Brady Porter, Ph.D.Associate Professor
Bayer School of Natural and Environmental Sciences
Department of Biological Sciences
Education:B.A. Zoology, Ohio Wesleyan University, 1990
Ph.D. Zoology, The Ohio State University, 1999
Postdoctoral Fellow, Departments of Genetics and Institute of Ecology, University of Georgia 1999-2003
Genetics of Natural Populations, Evolution, Molecular Ecology of Fishes
Research in the Porter Lab combines natural history with molecular markers to study phylogenetic relationships, phylogeography, hybridization, conservation genetics, evolution of mating systems and alternate reproductive tactics (ARTs) in natural populations of fishes and other aquatic organisms. Projects typically involve both field and laboratory studies from freshwater ecosystems in the Eastern United States. Phylogenetic analyses are conducted at the species or population level using morphological and/or molecular methods including meristic, morphometric, osteology, pigment biochemistry, DNA sequence and mutation detection techniques. Phylogenetic trees are combined with biogeographic information to reveal historic hydrologic changes that have shaped the evolution and current distributions of aquatic organisms. Molecular markers and principals of population genetics are applied to the recovery efforts of threatened and endangered fishes. Genetic parentage analyses using microsatellite markers provide a wealth of information on the evolution of fish mating systems, ARTs, introgression and hybridization.
1. Fiumera, A.C., B.A. Porter, G. Looney, M.A. Asmussen, and J.C. Avise. 2004. Maximizing offspring production while maintaining genetic diversity in supplemental breeding of highly fecund managed species. Conservation Biology 18(1):1-8.
2. Fletcher, D.E., E.E. Dakin, B.A. Porter, and J.C. Avise. 2004. Spawning behavior and genetic Parentage in the pirate perch (Aphredoderus sayanus), a fish with and enigmatic reproductive morphology. Copeia 2004(1):1-10.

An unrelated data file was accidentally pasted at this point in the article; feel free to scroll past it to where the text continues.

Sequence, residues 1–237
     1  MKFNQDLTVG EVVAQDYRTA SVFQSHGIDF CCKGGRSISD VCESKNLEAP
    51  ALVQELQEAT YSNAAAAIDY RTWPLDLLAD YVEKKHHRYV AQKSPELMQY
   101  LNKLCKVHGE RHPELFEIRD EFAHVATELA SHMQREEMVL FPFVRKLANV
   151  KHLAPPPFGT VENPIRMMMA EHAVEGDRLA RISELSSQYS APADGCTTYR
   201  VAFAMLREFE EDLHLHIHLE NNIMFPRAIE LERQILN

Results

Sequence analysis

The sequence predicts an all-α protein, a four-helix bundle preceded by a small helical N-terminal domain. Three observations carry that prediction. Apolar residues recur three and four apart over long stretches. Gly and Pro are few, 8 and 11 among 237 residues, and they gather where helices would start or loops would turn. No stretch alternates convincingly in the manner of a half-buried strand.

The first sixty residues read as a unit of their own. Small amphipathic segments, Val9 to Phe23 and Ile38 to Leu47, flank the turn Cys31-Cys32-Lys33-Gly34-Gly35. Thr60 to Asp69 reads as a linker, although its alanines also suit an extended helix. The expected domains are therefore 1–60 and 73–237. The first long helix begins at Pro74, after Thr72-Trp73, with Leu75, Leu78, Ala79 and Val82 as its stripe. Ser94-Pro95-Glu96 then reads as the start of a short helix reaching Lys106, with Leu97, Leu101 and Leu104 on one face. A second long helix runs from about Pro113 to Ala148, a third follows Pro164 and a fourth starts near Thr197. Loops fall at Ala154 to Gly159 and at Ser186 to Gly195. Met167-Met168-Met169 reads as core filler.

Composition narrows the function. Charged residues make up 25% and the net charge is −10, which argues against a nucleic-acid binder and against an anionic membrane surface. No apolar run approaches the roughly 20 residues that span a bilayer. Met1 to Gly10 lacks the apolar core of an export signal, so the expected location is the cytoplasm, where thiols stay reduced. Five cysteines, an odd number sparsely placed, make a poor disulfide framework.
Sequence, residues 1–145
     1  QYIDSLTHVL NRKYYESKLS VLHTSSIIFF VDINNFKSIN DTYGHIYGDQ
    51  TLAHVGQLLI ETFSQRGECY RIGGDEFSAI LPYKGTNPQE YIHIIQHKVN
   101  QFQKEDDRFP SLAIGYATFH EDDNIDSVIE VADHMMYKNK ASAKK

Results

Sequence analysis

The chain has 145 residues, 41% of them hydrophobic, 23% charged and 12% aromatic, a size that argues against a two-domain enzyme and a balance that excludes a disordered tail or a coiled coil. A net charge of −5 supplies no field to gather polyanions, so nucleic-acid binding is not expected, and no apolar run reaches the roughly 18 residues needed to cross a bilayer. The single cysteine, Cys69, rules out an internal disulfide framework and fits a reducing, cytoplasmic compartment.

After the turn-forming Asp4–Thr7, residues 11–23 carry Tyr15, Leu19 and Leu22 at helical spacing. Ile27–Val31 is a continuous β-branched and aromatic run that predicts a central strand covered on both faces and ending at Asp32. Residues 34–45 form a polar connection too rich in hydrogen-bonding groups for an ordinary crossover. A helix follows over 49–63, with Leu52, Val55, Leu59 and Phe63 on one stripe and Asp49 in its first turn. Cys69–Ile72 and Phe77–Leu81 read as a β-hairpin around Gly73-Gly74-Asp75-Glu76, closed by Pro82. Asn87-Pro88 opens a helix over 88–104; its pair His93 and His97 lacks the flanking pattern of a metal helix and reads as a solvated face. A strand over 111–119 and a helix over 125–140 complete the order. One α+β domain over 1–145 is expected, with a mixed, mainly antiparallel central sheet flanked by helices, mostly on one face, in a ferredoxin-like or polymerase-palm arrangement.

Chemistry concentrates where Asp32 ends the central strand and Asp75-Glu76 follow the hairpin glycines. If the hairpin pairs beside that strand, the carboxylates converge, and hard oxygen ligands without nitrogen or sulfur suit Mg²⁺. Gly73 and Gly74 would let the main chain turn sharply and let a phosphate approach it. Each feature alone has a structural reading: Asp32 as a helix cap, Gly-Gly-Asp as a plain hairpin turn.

3. Suttkus, R.D., B.A. Porter, and B.J. Freeman. 2003. The status and infraspecific variation of Notripis stonei Fowler. Proceedings of the American Philosophical Society 148(4):354-376.
4. Porter, B.A., A.C. Fiumera, and J.C. Avise. 2002. Egg mimicry and allopaternal care: two mate attracting tactics by which nesting striped darter (Etheostoma virgatum) males enhance reproductive success. Behavioral Ecology and Sociobiology 51:350-359.
5. Porter, B.A., T.M. Cavender, and P.A. Fuerst. 2002. Molecular phylogeny of the snubnose darters, subgenus Ulocentra (genus Etheostoma, family Percidae). Molecular Phylogenetics and Evolution 22(3):364-374.
6. Walker, D., B.A. Porter, J.C. Avise. 2002. Genetic parentage assessment in the crayfish Orconectes placidus, a high-fecundity invertebrate with extended maternal brood care. Molecular Ecology 11(10):2115-2122.
7. Fiumera, A.C., B.A. Porter, G.D. Grossman, and J.C. Avise. 2002. Intensive genetic assessment of the mating system and reproductive success in a semi-closed population of the mottled sculpin, Cottus bairdi. Molecular Ecology 11(11):2367-2378.